“I want to be the best,” Hansen said in an interview with NBC Sports Chicago.

The best? The very best?

That’s what Hansen aspires to become, though later in our conversation, he did dial back a notch, settling for becoming “one of the best.”

Either is fine with manager Ricky Renteria, who is overseeing these uber-confident White Sox prospects and accepts their lofty expectations.

“I think their mindset is where it’s supposed to be,” Renteria said. “None of these kids are concerned or consumed with the possibility of failure. Much more they’re consuming themselves with the understanding that they might hit some stumbling blocks, but they’re going to have a way to avoid overcoming them and push forward and be the best that they can be.”

In his first full season in the White Sox organization, Hansen led the minor leagues with 191 strikeouts. He’s proud of that accomplishment but admitted something: He’s not that impressed because he didn’t do it where it really matters — in the major leagues.

When you watch Hansen pitch, it’s easy to see that the talent is there. His coaches and teammates rave about his ability. With his enormous size and power arm, he is loaded with strengths.  

Though there is one weakness that Hansen acknowledges he needs to work on.

“Sometimes I have a tendency to think too much and worry. I think worrying is the worst thing that I do just because I want to be perfect,” Hansen said. “I think everyone wants to be perfect, some more than others, and I worry about things getting in the way of achieving perfection.”

To Hansen, that doesn’t mean throwing a perfect game. He actually takes it one step further.

He wants to strikeout every single hitter he faces.

“I love striking people out,” Hansen said. “Not having to rely on anyone else and just getting the job done myself and knowing that the hitter can’t get a hit off me. That’s a great feeling. That they can’t put it in play. Like a line drive out. That’s terrible.”

At some point, Hansen will have to lower these impossible expectations for himself. This is an imperfect game. There’s no place for nine-inning, 27-strikeout performances. Players end up in the Hall of Fame because they learn how to succeed with failure.

In the meantime, Hansen is here in big league camp watching and learning anything and everything.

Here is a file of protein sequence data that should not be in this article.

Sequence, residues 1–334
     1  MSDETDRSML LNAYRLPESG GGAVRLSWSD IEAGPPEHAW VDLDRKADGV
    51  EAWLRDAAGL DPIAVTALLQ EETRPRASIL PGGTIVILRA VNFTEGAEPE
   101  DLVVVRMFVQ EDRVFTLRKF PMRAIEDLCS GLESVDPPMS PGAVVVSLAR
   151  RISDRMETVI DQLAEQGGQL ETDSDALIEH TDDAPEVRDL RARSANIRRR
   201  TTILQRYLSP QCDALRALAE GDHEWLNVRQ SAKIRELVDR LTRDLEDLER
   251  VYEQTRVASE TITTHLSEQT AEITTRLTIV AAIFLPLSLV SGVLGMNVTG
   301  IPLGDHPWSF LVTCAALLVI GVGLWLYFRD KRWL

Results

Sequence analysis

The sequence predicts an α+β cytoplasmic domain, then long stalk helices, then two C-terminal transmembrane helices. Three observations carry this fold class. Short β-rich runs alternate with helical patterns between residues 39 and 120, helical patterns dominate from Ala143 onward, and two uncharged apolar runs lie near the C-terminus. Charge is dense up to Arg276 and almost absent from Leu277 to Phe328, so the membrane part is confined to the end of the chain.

“I’m a good observer. I listen. I don’t really talk too much. I’m a pretty quiet guy. I like to sit back and observe and see how these guys go about their business. Just trying to be at their level, hopefully one day surpass them.”

Surpass?

“It’s kind of hard to surpass some of these guys. I mean, they’re at the tip-top, like the pinnacle of the sport,” Hansen said. “I guess you could say, to get on that level and then be one of the best in the league.”

He might be on his way.

White Sox free up spot on 40-man roster by outrighting Dylan Covey

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USA TODAY

White Sox free up spot on 40-man roster by outrighting Dylan Covey

The White Sox freed up a spot on their 40-man roster Sunday, outrighting pitcher Dylan Covey to Triple-A Charlotte.

Covey pitched in 18 games last season, making 12 starts for the South Siders. Things did not go well, with Covey turning in an 0-7 record and a 7.71 ERA in 70 innings.

While there was an outside chance that Covey could have provided at least some starting-pitching depth heading into the 2018 season, the team's recent additions of Miguel Gonzalez and Hector Santiago — not to mention Covey's results from last season — wiped out that idea.

At the moment, the White Sox starting rotation figures to look like this by Opening Day: James Shields, Lucas Giolito, Reynaldo Lopez, Gonzalez and Carson Fulmer, with Santiago seeming like a good option to provide depth as the long man in the bullpen.